I have an older HDPlex 400W power supply and thought it sounded pretty good. So I purchased HDPLEX’s 300W power supply a few weeks ago. Came out to $585 for a quad-rail power supply – which isn’t bad considering others are charging more than double for a single rail.
I have linear power supplies for pretty much every component in my system, including my modem, router, and network switches. I don’t think any audiophile would argue that clean power and better isolation are essential for a more “live” and analog listening experience.
I’m planning to compare a few high-end linear power supplies soon and will be testing them with a variety of components. To name a few, I have a custom server, Intel NUC, SOtM switch, laptop, and the JCAT USB Xtreme PCI card – which I think uses a similar regulator on the HDPlex power supply. Many audiophiles will use one for their Raspberry Pi, squeezeboxes, and other streamers.
No fans, fins are great for dissipating heat.
Transformers: Transformers are used to step up or down the voltage from your mains. We would take 120 volts AC and convert them to 12V, 19V AC, etc.
This HDPLEX has a 300W R-core transformer. R stands for rectangular. R-core transformers are less noisy due to less capacitive coupling between the primary and secondary sides. For that reason, they’re also used in a lot of medical equipment.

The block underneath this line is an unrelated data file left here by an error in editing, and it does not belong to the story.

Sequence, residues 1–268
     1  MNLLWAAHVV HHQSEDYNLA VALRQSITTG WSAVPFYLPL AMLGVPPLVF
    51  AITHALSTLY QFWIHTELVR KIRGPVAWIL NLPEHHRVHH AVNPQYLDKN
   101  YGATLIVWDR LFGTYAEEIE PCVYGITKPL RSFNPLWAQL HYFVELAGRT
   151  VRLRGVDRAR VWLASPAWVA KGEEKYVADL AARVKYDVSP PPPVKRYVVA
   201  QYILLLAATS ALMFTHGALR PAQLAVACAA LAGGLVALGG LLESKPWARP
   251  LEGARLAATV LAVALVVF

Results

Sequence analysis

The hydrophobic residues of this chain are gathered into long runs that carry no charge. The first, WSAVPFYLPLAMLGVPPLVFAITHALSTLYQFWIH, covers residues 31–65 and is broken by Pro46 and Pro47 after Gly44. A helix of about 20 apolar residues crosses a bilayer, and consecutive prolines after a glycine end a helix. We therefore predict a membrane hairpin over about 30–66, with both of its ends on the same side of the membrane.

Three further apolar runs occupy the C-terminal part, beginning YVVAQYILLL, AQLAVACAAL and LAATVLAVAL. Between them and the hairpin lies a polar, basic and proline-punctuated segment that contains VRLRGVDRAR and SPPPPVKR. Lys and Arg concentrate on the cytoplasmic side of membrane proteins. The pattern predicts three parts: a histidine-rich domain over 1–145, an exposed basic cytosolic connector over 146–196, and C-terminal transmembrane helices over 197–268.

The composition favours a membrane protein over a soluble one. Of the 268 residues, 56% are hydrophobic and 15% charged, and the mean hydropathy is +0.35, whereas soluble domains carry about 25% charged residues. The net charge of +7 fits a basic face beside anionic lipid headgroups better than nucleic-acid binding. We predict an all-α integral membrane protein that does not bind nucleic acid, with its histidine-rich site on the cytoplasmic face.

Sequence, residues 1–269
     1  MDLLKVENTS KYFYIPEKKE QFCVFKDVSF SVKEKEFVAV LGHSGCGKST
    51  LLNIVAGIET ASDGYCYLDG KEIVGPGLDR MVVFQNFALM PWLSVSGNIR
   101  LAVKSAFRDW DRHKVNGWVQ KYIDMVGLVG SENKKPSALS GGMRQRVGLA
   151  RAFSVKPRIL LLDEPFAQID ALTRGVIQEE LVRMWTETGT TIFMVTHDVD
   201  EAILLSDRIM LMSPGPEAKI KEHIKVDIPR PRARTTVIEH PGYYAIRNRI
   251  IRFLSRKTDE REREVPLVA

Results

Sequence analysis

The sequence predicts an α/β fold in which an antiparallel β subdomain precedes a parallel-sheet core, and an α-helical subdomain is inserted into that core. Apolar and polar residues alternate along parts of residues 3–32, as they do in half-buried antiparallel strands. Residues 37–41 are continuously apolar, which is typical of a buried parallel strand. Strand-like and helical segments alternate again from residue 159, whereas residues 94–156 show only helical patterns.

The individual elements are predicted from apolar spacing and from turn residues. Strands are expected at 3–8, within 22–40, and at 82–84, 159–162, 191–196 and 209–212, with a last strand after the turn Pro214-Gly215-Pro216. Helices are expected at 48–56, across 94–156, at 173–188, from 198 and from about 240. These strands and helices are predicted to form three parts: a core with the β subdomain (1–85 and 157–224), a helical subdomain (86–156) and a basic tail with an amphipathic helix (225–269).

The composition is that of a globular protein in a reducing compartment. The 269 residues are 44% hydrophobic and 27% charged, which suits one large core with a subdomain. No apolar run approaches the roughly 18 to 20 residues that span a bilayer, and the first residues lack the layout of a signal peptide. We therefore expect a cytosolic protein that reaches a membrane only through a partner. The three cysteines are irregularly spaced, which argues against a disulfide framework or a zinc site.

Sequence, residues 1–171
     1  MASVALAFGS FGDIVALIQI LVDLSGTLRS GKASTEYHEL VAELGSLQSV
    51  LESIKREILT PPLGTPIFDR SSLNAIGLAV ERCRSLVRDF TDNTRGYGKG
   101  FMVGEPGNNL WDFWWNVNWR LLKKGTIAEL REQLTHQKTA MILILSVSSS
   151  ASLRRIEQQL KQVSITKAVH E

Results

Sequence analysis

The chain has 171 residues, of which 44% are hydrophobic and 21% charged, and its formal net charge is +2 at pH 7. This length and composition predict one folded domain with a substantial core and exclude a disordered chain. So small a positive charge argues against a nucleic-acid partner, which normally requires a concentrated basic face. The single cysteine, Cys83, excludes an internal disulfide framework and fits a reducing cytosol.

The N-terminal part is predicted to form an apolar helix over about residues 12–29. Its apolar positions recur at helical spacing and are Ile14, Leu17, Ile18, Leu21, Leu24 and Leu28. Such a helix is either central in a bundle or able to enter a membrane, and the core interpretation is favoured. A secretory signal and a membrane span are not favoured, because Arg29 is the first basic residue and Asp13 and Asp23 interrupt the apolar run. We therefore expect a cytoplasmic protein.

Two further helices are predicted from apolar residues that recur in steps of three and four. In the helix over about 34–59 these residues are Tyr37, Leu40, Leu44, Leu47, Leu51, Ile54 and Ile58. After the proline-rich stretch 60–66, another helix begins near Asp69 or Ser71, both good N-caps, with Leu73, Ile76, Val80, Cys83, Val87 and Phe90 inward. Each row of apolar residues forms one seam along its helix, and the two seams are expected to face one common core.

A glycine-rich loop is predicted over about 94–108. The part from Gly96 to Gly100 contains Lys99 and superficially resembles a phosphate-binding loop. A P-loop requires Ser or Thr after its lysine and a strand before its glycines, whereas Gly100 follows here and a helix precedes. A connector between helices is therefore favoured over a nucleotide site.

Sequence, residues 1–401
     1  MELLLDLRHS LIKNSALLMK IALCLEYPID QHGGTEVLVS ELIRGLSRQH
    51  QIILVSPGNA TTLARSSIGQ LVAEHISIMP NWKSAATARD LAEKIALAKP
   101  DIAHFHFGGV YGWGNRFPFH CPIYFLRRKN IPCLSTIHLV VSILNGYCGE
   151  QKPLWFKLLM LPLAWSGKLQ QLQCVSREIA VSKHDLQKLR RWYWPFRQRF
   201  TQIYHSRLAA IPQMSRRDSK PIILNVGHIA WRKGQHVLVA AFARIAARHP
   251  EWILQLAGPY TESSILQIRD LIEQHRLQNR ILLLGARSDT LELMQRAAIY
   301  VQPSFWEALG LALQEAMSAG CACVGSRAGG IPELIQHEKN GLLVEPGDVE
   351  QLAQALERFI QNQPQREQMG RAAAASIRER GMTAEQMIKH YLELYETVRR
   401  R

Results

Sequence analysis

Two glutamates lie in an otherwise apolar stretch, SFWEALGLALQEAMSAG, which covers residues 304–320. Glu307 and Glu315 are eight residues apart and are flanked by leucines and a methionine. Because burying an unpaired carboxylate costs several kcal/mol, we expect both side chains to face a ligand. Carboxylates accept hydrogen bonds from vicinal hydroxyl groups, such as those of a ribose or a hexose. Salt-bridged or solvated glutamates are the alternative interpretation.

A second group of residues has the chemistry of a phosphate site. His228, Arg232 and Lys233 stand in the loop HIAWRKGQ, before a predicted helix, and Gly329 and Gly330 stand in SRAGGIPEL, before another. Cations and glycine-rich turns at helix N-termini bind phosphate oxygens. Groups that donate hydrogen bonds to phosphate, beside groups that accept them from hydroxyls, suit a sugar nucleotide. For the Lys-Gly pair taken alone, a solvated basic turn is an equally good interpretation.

The windings actually cancel each other’s magnetic flux which keeps leakage flux to a minimum. They also have better efficiency versus toroidal transformers which require more shielding.
Rectifier: This is where we convert from AC to DC.
Under this aluminum heatsink, we have 15A Rochester Electronic Shot key rectifier diodes. Their job is to essentially take the absolute value of the AC signal.
These specific rectifiers have fast switching and a low forward voltage drop. I think 700mV. So it’s very efficient. But the power still isn’t usable here. There’s still some voltage ripple.
Filter Capacitors: To smooth and stabilize out the ripples from the rectifier, we have filter capacitors. Its job is to keep the voltage more steady.
These are high-quality Japanese 10000 micro-farad ELNA audio grade electrolytic capacitors. One for each rail to help eliminate potential phase distortion.
Linear Regulator: At this point, the output voltage can still vary due to load, capacitance, and input voltage across the transformer. We want the DC output voltage to be stable.
This HDPlex power supply uses 12 Linear Tech LT3045 regulators. These are ultra-low noise, low dropout linear regulators. So better efficiency, less heat, and a high power supply rejection ratio. These are obviously great for noise-sensitive applications such as audio.
They work in conjunction with ST Microelectronics high-power NPN BJTs.
Let me know in the comments below which power supplies you want to see compared. Make sure to hit that bell so you’ll be the first to be notified when the review drops.
Mr. Audio Bacon himself. An open-minded electrical engineer and software developer by trade. I have an obsession with the enjoyment of all things media - specifically in the realm of music and film. So much heart and soul (and money) go into the creation of this artistry. My aim is to find out which products get me closer to what the musicians and directors intended.